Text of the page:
Heat-transfer mechanisms in polyurethane rigid foam
Anja Biedermann, Caroline Kudoke, Anne Merten, Edel Minogue, Udo Rotermund, Holger Seifert, Hans-Peter Ebert, Ulrich Heinemann, Jochen Fricke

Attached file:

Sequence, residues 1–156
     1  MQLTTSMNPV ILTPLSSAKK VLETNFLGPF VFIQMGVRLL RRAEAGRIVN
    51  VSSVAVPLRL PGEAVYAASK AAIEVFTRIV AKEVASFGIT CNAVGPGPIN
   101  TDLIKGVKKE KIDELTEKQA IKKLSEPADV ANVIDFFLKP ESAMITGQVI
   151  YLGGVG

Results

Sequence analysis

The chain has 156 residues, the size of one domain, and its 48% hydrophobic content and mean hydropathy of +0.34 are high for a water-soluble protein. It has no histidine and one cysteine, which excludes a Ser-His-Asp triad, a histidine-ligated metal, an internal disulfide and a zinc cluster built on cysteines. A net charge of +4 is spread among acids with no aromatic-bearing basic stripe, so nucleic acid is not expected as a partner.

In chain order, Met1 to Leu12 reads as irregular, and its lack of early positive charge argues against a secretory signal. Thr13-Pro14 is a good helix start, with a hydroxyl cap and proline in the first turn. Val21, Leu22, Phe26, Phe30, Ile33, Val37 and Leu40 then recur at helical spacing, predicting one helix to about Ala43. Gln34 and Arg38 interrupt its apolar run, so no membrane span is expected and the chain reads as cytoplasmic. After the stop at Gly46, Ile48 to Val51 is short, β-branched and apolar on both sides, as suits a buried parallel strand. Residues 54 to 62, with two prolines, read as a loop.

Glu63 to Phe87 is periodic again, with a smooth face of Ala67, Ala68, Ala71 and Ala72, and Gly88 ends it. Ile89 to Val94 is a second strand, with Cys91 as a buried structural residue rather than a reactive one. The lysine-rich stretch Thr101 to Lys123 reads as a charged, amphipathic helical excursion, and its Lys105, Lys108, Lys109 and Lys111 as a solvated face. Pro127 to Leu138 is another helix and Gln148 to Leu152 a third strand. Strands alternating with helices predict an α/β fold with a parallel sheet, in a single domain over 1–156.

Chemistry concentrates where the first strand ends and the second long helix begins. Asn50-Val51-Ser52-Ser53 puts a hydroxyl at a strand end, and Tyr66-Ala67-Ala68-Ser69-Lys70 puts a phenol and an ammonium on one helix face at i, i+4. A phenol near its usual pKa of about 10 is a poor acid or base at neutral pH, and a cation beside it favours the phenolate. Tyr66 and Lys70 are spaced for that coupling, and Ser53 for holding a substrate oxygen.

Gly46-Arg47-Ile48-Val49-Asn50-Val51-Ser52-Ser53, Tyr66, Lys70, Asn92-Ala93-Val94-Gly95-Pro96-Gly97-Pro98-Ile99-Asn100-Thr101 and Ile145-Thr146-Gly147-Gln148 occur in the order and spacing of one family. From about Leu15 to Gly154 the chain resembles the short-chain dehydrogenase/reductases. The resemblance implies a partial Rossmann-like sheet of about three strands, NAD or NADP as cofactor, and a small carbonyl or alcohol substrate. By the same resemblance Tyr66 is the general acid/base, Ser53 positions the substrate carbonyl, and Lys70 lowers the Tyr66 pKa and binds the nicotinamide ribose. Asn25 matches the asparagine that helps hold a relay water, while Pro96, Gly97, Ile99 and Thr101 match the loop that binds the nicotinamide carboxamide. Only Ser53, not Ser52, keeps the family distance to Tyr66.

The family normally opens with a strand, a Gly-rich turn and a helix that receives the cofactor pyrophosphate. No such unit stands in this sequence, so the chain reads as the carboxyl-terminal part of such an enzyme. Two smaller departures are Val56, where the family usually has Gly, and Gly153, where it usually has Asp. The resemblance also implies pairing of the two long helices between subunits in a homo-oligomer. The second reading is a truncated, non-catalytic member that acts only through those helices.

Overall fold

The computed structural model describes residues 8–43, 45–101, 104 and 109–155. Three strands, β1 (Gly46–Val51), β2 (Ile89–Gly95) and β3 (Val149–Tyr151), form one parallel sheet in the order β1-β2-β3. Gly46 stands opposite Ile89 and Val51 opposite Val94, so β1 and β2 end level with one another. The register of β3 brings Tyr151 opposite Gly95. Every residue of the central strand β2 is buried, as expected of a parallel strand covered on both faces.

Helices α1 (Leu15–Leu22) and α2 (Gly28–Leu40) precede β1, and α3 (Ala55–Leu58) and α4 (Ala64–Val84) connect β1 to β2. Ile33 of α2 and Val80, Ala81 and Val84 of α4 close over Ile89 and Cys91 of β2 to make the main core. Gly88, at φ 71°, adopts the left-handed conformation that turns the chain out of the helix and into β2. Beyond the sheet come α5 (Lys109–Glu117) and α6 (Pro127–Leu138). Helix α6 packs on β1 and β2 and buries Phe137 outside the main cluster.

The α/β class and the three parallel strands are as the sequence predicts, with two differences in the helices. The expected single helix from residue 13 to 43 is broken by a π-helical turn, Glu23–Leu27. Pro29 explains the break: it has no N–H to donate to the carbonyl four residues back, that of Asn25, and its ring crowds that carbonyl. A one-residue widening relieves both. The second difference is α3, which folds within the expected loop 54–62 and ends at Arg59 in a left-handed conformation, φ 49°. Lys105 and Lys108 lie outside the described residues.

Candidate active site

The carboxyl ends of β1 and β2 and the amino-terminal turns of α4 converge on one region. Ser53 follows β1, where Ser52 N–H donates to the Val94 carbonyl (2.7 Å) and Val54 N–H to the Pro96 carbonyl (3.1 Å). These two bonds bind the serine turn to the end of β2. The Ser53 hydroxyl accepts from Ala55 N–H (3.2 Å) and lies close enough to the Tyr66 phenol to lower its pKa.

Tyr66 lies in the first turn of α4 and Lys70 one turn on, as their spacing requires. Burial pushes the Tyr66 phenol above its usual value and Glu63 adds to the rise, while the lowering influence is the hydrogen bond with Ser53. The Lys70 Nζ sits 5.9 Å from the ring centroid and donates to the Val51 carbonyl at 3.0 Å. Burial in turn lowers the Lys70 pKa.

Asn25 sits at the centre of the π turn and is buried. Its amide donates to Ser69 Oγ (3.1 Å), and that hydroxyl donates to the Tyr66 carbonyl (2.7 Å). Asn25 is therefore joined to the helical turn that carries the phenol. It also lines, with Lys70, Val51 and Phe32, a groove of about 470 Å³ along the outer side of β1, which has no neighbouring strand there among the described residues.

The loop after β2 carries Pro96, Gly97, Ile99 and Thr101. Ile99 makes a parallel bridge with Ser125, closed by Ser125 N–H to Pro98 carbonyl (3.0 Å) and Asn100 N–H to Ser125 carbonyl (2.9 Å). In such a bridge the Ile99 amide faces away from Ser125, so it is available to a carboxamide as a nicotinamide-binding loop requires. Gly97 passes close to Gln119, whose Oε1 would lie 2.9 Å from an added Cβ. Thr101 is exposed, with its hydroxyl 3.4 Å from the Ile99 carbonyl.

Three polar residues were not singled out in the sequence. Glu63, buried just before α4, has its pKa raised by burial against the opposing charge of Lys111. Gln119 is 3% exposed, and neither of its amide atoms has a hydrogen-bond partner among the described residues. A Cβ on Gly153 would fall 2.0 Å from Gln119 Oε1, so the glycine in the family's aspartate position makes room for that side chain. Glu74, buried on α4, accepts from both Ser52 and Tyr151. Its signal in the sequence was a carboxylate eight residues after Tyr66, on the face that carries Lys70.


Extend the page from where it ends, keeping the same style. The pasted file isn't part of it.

Polyurethane closed-cell rigid foams have been widely used as insulants in the building and refrigeration industry and also for district heating pipes. It is the special combination of excellent insulation performance and the mechanical stability due to the foaming process which makes this material very attractive for these applications. The replacement of chlorofluorocarbons, which have been banned as blowing agents since 1993, by hydrocarbons in Europe caused a decrease in the insulation capability of polyurethane rigid foams. The additional global requirement to reduce energy losses also adds an incentive to search for potential substances which would improve the thermal performance of rigid foams. To overcome this problem the heat transfer within polyurethane rigid foams via the polymer matrix, enclosed gas, and thermal radiation was examined in various independent experiments. Most importantly, it was observed that the potential to reduce the thermal conductivity of polyurethane rigid foams is higher than had been predicted.